• Analyze the existing and planned organizational structures Considerations include the management model; company organization; vendor, partner, and customer relationships; and acquisition plans
  • Analyze factors that influence company strategies
    • Identify company priorities
    • Identify the projected growth and growth strategy
    • Identify relevant laws and regulations
    • Identify the company's tolerance for risk
    • Identify the total cost of operations
  • Analyze the structure of IT management Considerations include the type of administration, such as centralized or decentralized; funding model; outsourcing; decision-making process; and change-management process

Analyzing Technical Requirements

  • Evaluate the company's existing and planned technical environment
    • Analyze company size and the distribution of users and resources
    • Assess the available connectivity between the geographic locations of work sites and remote sites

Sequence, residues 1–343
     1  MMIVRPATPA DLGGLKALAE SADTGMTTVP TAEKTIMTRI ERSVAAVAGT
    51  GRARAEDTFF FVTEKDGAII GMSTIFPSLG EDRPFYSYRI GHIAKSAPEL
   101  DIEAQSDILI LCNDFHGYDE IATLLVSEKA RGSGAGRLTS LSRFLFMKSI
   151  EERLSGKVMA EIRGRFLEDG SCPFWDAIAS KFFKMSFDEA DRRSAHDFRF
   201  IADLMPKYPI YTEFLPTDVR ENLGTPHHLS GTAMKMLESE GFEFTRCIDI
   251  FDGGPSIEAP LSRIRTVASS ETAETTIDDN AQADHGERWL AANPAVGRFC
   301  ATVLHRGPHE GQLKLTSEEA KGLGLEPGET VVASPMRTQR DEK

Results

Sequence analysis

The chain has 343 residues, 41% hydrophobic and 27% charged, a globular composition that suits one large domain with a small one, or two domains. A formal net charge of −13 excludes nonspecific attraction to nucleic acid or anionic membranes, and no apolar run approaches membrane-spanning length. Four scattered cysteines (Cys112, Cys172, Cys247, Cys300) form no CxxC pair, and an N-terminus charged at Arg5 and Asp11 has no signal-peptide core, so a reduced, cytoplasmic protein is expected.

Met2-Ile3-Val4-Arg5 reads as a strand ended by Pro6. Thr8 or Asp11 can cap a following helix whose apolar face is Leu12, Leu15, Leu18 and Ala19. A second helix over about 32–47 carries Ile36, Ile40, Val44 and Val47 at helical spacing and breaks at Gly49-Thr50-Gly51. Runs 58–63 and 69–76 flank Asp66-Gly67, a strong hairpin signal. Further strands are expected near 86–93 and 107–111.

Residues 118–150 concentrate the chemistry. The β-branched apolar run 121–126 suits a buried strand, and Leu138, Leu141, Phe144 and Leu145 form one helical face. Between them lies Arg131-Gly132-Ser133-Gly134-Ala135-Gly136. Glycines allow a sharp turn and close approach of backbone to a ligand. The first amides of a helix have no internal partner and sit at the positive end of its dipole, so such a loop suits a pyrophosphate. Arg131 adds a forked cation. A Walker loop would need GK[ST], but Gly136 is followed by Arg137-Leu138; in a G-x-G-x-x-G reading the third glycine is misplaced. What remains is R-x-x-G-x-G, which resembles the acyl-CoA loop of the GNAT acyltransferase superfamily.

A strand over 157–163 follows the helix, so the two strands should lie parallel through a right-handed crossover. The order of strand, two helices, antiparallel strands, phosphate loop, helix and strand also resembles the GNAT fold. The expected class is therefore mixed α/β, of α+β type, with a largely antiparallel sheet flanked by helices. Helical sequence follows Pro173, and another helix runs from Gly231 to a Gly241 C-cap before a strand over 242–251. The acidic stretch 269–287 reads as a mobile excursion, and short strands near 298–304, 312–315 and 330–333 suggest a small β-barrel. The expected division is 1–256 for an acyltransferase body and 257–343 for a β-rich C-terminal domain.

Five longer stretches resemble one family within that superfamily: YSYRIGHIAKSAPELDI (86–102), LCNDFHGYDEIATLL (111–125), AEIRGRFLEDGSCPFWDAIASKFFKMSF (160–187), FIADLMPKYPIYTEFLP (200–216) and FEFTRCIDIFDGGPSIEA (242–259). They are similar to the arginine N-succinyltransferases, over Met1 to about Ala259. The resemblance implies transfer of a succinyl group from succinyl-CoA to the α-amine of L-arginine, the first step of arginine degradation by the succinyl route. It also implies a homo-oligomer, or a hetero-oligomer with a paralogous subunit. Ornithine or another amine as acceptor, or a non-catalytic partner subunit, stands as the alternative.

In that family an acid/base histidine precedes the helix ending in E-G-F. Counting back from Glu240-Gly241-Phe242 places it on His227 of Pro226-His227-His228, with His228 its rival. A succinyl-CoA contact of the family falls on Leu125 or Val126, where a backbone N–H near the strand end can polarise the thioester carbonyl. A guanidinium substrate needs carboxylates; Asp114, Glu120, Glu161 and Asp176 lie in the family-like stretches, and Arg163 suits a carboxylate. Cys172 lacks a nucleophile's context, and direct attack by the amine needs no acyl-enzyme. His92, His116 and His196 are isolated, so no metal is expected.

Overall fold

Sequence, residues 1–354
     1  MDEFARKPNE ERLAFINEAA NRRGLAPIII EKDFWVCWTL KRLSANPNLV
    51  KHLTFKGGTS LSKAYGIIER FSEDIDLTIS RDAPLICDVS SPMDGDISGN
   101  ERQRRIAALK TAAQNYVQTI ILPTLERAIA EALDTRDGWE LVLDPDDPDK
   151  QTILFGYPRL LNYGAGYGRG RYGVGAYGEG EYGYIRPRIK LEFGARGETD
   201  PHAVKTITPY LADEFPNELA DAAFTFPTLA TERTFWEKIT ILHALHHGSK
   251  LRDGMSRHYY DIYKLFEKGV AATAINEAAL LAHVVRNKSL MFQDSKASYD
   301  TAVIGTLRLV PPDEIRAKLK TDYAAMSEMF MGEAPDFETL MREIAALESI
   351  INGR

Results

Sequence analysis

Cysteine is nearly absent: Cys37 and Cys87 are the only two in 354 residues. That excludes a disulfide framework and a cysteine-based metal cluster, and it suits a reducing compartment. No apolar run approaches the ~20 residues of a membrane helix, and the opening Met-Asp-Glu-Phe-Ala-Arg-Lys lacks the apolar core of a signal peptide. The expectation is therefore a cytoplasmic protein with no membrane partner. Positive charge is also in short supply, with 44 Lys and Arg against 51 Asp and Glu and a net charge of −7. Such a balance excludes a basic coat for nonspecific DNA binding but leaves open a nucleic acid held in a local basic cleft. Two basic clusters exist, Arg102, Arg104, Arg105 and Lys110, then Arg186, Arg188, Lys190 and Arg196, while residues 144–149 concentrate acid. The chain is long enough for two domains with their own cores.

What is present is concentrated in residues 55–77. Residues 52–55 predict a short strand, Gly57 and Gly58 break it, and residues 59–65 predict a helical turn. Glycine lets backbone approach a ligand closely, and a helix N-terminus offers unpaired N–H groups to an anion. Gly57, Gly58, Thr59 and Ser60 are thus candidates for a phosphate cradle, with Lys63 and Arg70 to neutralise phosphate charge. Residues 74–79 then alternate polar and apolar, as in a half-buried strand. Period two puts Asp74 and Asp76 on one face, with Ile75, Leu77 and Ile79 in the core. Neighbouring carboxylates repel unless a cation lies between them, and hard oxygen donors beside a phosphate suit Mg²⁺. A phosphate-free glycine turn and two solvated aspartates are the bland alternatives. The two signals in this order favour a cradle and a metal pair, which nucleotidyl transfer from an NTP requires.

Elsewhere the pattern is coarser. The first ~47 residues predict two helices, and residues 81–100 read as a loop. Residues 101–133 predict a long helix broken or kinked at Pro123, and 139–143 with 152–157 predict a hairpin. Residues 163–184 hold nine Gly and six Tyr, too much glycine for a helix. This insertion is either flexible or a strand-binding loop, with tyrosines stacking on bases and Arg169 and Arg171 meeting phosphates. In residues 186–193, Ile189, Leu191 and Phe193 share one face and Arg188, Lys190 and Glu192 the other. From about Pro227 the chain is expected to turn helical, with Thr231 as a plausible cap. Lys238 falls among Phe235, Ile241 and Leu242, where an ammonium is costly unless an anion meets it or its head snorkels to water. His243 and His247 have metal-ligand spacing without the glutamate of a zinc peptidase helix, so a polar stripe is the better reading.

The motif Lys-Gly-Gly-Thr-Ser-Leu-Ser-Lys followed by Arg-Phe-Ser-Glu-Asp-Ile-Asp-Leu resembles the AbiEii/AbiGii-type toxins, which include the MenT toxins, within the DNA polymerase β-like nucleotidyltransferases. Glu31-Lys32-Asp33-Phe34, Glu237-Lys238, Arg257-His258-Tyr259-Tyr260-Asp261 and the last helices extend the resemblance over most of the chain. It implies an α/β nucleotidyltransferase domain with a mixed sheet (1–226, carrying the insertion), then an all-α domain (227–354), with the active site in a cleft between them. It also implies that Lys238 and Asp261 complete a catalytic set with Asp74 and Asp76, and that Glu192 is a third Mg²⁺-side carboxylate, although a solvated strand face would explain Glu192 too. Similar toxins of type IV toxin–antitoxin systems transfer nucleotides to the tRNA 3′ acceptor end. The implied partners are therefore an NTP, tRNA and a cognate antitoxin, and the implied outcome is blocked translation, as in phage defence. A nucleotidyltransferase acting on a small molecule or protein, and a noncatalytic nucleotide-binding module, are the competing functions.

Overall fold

• Assess the net available bandwidth
    • Analyze performance requirements
    • Analyze data and system access patterns
    • Analyze network roles and responsibilities
    • Analyze security considerations
  • Analyze the impact of Active Directory on the existing and planned technical environment Considerations include Microsoft Exchange 2000
    • Assess existing systems and applications
    • Identify existing and planned upgrades and rollouts
    • Analyze the technical support structure
    • Analyze existing and planned network and systems management
  • Analyze the business requirements for client computer desktop management
    • Analyze end-user work needs
    • Identify technical support needs for end users
    • Establish the required client computer environment

Designing a Directory Service Architecture

  • Define the scope of the Active Directory design
  • Design an Active Directory forest and domain structure
    • Design a forest and schema structure
    • Design a domain structure
    • Analyze and optimize trust relationship requirements
  • Design an Active Directory naming strategy
    • Plan the WINS NetBIOS name resolution strategy
    • Design the namespace
    • Plan the DNS strategy